To find out more about the project and the work Christina and her team are doing please visit http://www.icanswimcanyou.com/

Swimming teacher wins iPad with RAPs

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Throughout December last year some of you may remember we ran a competition for the chance to win an iPad for those who renewed their membership with RAPs. 

We are delighted to announce that swimming teacher Clare Bryant was our winner. We’d also like to thank Clare for renewing her membership!

We thought we’d have a quick catch-up with Clare to find out a bit more about her and why she wanted to join RAPs.

So Clare tell us a bit about your career, how long have you been involved in swimming teaching?

I originally started to swim seriously at the age of 11 on the recommendation of my GP. I had various physical problems, including asthma and problems with my legs and feet, which made other sports unsuitable for me. I then gave up swimming aged 16 and only swam occasionally.

What would you say inspired you to become a swimming teacher? 

At the age of 35 my husband had a serious back injury and the physiotherapy required involved me taking him to the pool daily. I took up assisting in a local club and gaining my teaching qualifications as it fitted in with my family. I have been running my own swim school for eleven years now.

Why did you want to join RAPs?

I heard about RAPs via email and wanted to join as I believe we need a more coordinated approach to aquatic teaching and coaching.

As a swimming teacher, what benefits do you think RAPs will bring to the industry?

I hope that RAPS will enable a more synchronised and coordinated approach to the teaching of all aquatic disciplines, and enable best practice and new ideas to be filtered through to the front line of teaching in a more ordered and efficient manner, so that the next generation of learners, participants and champions have the best opportunities as soon as possible.

How do you think RAPs will impact the aquatics industry? 

I think it will make the industry and qualifications easier to understand and make it easier to have an overall standard of qualifications.

What would you say about RAPs to someone who hasn’t heard of it?

I would say, read about it and think about where you are going in the future.

Why do think it’s important for people like yourself to be on the Register?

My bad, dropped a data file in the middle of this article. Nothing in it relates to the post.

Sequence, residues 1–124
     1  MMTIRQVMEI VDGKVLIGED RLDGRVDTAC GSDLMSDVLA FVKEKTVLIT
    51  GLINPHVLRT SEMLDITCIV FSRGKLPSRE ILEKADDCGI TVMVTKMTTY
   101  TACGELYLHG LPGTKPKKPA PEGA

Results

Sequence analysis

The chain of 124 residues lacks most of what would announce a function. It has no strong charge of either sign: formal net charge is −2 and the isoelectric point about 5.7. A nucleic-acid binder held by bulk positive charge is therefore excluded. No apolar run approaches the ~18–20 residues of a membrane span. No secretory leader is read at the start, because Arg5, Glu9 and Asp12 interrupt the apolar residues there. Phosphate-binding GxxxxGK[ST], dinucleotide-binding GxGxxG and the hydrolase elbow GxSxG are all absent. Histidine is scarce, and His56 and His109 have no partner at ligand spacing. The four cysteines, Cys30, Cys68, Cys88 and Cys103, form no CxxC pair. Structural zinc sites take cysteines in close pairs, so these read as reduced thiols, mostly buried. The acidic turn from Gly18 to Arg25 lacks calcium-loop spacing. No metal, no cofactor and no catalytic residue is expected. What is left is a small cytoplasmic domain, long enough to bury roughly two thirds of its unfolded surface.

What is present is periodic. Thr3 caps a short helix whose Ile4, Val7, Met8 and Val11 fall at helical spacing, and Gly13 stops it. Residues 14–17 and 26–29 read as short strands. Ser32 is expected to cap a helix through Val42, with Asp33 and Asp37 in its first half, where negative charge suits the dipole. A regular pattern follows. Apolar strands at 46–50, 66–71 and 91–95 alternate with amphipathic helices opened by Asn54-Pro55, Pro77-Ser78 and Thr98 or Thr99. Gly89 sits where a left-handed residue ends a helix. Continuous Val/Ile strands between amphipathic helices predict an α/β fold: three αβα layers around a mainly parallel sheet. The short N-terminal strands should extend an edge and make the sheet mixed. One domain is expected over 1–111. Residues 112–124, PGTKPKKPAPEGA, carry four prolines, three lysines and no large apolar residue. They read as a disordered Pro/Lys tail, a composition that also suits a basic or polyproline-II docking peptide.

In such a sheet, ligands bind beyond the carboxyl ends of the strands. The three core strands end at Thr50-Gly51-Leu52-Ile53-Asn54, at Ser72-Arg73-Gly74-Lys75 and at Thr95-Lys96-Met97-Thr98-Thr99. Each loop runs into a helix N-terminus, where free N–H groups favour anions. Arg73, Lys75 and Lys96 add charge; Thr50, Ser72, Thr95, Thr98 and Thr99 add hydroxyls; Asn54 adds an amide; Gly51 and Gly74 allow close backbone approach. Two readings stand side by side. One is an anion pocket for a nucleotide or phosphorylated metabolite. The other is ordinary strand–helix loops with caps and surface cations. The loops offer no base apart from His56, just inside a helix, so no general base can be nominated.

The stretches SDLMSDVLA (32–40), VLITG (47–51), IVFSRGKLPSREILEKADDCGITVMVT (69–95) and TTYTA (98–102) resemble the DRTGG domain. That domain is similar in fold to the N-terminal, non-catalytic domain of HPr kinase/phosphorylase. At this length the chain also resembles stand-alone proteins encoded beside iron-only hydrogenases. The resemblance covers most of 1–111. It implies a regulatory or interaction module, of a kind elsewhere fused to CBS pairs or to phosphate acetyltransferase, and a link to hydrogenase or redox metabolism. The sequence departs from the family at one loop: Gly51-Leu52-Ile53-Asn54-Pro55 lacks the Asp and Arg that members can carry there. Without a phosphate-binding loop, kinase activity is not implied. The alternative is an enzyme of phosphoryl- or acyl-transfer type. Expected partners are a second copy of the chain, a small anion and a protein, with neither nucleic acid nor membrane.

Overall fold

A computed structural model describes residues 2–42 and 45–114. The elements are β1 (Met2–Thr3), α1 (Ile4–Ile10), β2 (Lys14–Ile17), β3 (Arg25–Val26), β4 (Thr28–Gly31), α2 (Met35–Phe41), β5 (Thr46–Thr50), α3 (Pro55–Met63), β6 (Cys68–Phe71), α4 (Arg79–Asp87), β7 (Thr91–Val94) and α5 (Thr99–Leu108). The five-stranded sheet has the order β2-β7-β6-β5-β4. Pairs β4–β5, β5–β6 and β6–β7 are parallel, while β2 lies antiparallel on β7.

I think joining the Register is really important as it is a way of keeping up to date and getting information.

What would advice would you give to anyone who is contemplating being on the Register?

My advice would be ‘go for it’; you have nothing to lose and an awful lot to gain.

And finally who would you say is your sporting hero?

My sporting hero, is a client of mine, Graham who used to be a professional athlete, had a stroke which left him with paralysis down one side and has managed to relearn how to swim and walk and is a constant source of inspiration with his determination and perseverance and can do attitude.

Q&A with Olympic medallist and RAPs ambassador Steve Parry

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We are delighted to have Olympic bronze medallist Steve Parry part of the RAPs family as our official ambassador, so we thought we’d have a little chat with to find out a bit more about him and why he wanted to come on board. So Steve…  

1. How did you get in to swimming, was it through school, a local swimming club?  

It’s a crazy story really. We were taking a family holiday along the Thames on a barge when I was 7 years of age and my dad made me wear a life jacket all week. It got to the weekend and I forgot to put my lifejacket on. My brother was chasing me around the boat and the next thing I knew I was in the water holding onto the barge. Fortunately, my dad fished me out and we joined swimming lessons at a local club the following week.

2. At what moment did you realise you wanted to make a career from swimming professionally? Was there a particular inspiration for you?  

Definitely. In 1988 we had a masterclass session in Liverpool from the 100m Butterfly Olympic medallist Andrew Jamieson. His mum was my coach at the time and I remember thinking “that’s what I want to do”: stand on the rostrum for Great Britain and win a medal.  There were many times I doubted it would ever happen but you got to keep plugging away!